Yamaha's latest monitors may look like the classic NS10s, but looks can be deceiving...
The passive, sealed-box Yamaha NS10 is something of a studio icon, and it's an image that Yamaha seem to be capitalising on, with the white speaker cones of their new HS7 model. This active speaker even has a mesh grille protecting the tweeter, just like the NS10. However, the HS7 is a very different beast from its predecessor, not least in that it is a ported design, specifically made for small-studio monitoring. The NS10, on the other hand, was originally conceived as a music playback speaker for home use, but was 'adopted' by the studio industry because of its clear mid-range and the lack of choice of suitable nearfield monitoring at that time.
Yamaha's HS series comprises the HS5 and the HS7, and either model can be used alone or teamed with the HS8S subwoofer. I usually discourage the use of subwoofers in smaller studios as the extended bass end can exacerbate the acoustic problems that are prevalent in small, untreated rooms. However, a smaller sub, such as the HS8S, does have the advantage that you can put the main speakers where they meet ergonomic requirements while placing the sub in a position that gives the most even bass response. In my own view the sub would be best combined with the HS5s as the HS7s already have enough low end for most small spaces (they are specified as covering 43Hz to 30kHz, but where the studio is garage-sized or bigger the HS7/sub combination would be appropriate.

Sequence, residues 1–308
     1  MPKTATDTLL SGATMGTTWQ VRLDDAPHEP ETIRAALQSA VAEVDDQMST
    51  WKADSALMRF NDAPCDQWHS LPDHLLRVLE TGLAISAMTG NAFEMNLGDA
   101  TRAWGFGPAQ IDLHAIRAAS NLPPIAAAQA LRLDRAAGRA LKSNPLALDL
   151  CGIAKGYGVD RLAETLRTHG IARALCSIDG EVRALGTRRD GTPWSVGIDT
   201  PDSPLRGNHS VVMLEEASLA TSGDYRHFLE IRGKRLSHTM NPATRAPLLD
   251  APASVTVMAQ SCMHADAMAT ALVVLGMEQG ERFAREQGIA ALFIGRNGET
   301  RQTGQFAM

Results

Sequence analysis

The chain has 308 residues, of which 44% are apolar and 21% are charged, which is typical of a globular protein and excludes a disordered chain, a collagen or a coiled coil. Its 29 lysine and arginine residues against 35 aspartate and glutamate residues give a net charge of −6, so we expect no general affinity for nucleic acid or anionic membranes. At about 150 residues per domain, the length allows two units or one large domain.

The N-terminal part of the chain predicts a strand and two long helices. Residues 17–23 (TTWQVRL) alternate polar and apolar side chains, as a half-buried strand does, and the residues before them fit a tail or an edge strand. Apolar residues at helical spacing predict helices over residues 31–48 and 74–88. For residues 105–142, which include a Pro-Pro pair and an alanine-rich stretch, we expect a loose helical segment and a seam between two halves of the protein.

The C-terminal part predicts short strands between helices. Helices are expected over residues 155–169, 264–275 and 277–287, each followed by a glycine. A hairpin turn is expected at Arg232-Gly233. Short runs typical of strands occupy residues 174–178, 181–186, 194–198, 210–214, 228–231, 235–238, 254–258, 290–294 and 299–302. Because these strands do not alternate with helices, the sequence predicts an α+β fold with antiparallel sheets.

Built into rear-ported, rigid MDF cabinets (210 x 332 x 284 mm) with jointed corners, the 6.5-inch woofer and the one-inch dome tweeter are driven by a combined total of 95W of power (60W for the LF driver plus 35W for the tweeter, crossing over at 2kHz). The weight is a reassuring 8.2kg per speaker. Rear porting cuts down on port noise but it does mean the speakers shouldn't be placed too near a wall as the ports may be obscured, upsetting the bass response. Finned heat sinks are fitted to the rear panel and, again, these need to be unobstructed to allow proper cooling. There's been no attempt to ward off cabinet-edge diffraction as all the baffle edges have been left square, even though the upper and lower corners of the box are rounded. A black plastic foil covering gives the cabinets a very sharply finished appearance that sets off the white cone of the woofer, while the tweeter sits flush with the baffle surface, in a shallow, recessed dish.
On the rear panel are controls to adjust the bass to compensate for placement relative to boundaries, with options for flat, -2dB or -4dB below 500Hz. There's a high-trim switch for adjusting the HF to the taste of the user, with 0dB, -2dB and +2dB settings. Input can be on balanced XLR or balanced/unbalanced quarter-inch jack.